Reflections on Tromso Olympiad

Every two years, FIDE hosts the Olympiad with a chief organizing body. It is like no other tournament, so generally no expense is spared to make it successful. Most everyone was anticipating the Tromso Olympiad in the idyllic and quaint city. Besides it is the home country of World Champion Magnus Carlsen, so it was obvious that the tournament would receive worldwide attention.

When planning for the Olympiad, I registered for my journalist credentials on chess24.com, a relatively new project. Months ago Macauley Peterson sent me an e-mail introducing the site and it appeared to have great potential. One of things I can say is that chess24.com coverage of Olympiad was superb. The website was well-done easy to navigate and apart from the few broadcast glitches the productions were professional. I actually got to see Macauley in the production room and it is a clear contrast from what we see online.

I had just finished playing in the U.S. Open in Orlando when I made it back to Tallahassee and began immediately preparing for Tromso. I would have to drive two hours to Jacksonville to get my plane to Newark, New Jersey… then from Newark to Oslo, Norway and then on to Tromso. I actually missed my initial flight by a few minutes and had no option but to stay another night in Jacksonville since the 6:55pm flight was the last. This gave me a chance to catch up on coverage, an extremely difficult task.

On the next day, I was able to get my flight to Norway without any issues. I watched “Divergent” on the plane and read a few more pages of “Outliers” by Malcolm Gladwell. The movie “Divergent” was a good… diversion on the seven-hour plane ride from Newark to Oslo. On the layover, I tried to catch up with my reports on Olympiad. I had to pay to get on an Internet service called “homerun”.

When I finally got to Tromso, I collected my bags and prepared to get a taxi, but there was someone holding a sign “Chess Olympiad”. They instructed me to get on the Olympiad van which then took me to the Radisson Blu. On the way, I took a few photos and was amused at a restaurant called, “Burger Man”. The mountains were certainly the most obvious characteristic.




Finally made it… Norway! 🙂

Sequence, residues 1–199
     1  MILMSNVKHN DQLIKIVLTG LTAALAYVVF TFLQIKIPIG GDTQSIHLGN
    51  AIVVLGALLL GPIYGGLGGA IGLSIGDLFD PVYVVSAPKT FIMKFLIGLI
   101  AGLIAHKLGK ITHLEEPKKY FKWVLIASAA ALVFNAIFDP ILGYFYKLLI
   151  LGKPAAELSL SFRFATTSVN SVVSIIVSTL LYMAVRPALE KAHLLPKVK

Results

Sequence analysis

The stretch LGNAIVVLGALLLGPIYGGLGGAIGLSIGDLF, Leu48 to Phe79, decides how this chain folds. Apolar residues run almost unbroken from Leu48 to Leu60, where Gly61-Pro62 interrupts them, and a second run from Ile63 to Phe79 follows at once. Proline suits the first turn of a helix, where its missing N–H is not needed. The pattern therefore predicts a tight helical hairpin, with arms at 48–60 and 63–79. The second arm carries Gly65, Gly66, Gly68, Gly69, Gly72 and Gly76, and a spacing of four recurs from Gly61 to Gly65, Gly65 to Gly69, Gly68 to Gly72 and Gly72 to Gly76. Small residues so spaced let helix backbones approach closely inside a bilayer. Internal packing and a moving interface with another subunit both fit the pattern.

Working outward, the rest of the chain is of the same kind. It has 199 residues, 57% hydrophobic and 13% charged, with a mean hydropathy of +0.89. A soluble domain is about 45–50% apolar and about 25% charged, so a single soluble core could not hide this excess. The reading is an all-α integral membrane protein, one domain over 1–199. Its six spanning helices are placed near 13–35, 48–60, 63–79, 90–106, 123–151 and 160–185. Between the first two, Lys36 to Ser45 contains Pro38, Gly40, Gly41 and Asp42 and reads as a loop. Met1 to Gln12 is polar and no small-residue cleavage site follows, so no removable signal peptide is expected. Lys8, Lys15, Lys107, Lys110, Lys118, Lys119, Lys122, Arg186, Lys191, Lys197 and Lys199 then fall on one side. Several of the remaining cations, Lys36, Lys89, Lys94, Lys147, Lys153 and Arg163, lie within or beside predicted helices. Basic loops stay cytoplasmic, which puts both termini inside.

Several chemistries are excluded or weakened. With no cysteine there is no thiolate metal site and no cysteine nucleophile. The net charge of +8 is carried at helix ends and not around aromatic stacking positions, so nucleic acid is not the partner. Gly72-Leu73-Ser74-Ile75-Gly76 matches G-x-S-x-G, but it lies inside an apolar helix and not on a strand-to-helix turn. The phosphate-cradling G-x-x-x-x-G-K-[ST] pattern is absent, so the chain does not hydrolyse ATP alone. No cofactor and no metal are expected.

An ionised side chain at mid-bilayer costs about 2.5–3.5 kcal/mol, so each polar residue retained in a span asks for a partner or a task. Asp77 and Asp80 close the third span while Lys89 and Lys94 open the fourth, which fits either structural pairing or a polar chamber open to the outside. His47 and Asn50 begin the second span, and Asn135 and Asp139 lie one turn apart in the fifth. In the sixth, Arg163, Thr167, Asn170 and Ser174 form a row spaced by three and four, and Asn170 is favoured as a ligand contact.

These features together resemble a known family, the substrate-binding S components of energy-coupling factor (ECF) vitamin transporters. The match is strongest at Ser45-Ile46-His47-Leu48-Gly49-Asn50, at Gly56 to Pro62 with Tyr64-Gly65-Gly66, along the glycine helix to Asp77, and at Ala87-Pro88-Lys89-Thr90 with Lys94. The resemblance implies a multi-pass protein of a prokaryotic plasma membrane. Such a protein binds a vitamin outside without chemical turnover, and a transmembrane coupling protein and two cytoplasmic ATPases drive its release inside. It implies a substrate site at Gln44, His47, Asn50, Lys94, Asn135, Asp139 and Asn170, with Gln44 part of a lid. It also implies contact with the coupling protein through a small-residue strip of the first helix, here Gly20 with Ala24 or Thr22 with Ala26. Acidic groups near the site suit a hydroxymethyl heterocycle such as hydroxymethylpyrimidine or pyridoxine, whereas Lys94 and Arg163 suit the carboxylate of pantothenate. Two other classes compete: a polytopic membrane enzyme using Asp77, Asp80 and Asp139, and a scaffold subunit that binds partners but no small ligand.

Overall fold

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When I got to the Radisson, there was some initial confusion on my accomodation. Since there were no more rooms available, they had located an apartment for $900.00 for six days. Pricey. However, it turned out well since I was in a spacious apartment in a nicely-renovated basement… actually two apartments in one. The problem was that I had to walk 15-20 minutes to the venue. Twice I had to do so in a steady drizzle. I thought this was fun except I was wearing a suit on one of the rainy days.

Once I got settled, the first event for me was the “Polar Bear” festival hosted by the Garry Kasparov ticket. I received an e-mail invitation from Ian Wilkinson that I was on the VIP list. I didn’t know exactly where the venue was, so I stopped at a hotel to ask around. There I saw Barthelemy Bongo of Gabon passing out literature about his case against FIDE. We chatted before I made my way to venue, but he was busy making his case with other federations. He pointed out a gentleman from the Sudan who was going.

When I got to the festival venue, I recognized many faces… players from a variety of nations and a few journalists. Peter Doggers of chess.com said hello as well as players and delegates from a variety of federations. There was a magic show being performed where the magician did a Houdini-like escape at the end, but then Ian (who had performed earlier) came onstage with a viking helmet and entertained the crowd. For a man to be such a high-powered lawyer, he certainly knows how to have fun.